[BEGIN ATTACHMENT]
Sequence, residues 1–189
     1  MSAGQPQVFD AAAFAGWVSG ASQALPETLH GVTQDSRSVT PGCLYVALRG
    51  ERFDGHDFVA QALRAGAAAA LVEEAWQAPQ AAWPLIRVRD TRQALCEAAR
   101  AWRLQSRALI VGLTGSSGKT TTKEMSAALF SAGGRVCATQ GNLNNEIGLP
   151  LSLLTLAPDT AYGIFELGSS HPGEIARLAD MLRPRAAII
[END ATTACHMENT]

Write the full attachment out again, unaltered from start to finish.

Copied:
Sequence, residues 1–189
     1  MSAGQPQVFD AAAFAGWVSG ASQALPETLH GVTQDSRSVT PGCLYVALRG
    51  ERFDGHDFVA QALRAGAAAA LVEEAWQAPQ AAWPLIRVRD TRQALCEAAR
   101  AWRLQSRALI VGLTGSSGKT TTKEMSAALF SAGGRVCATQ GNLNNEIGLP
   151  LSLLTLAPDT AYGIFELGSS HPGEIARLAD MLRPRAAII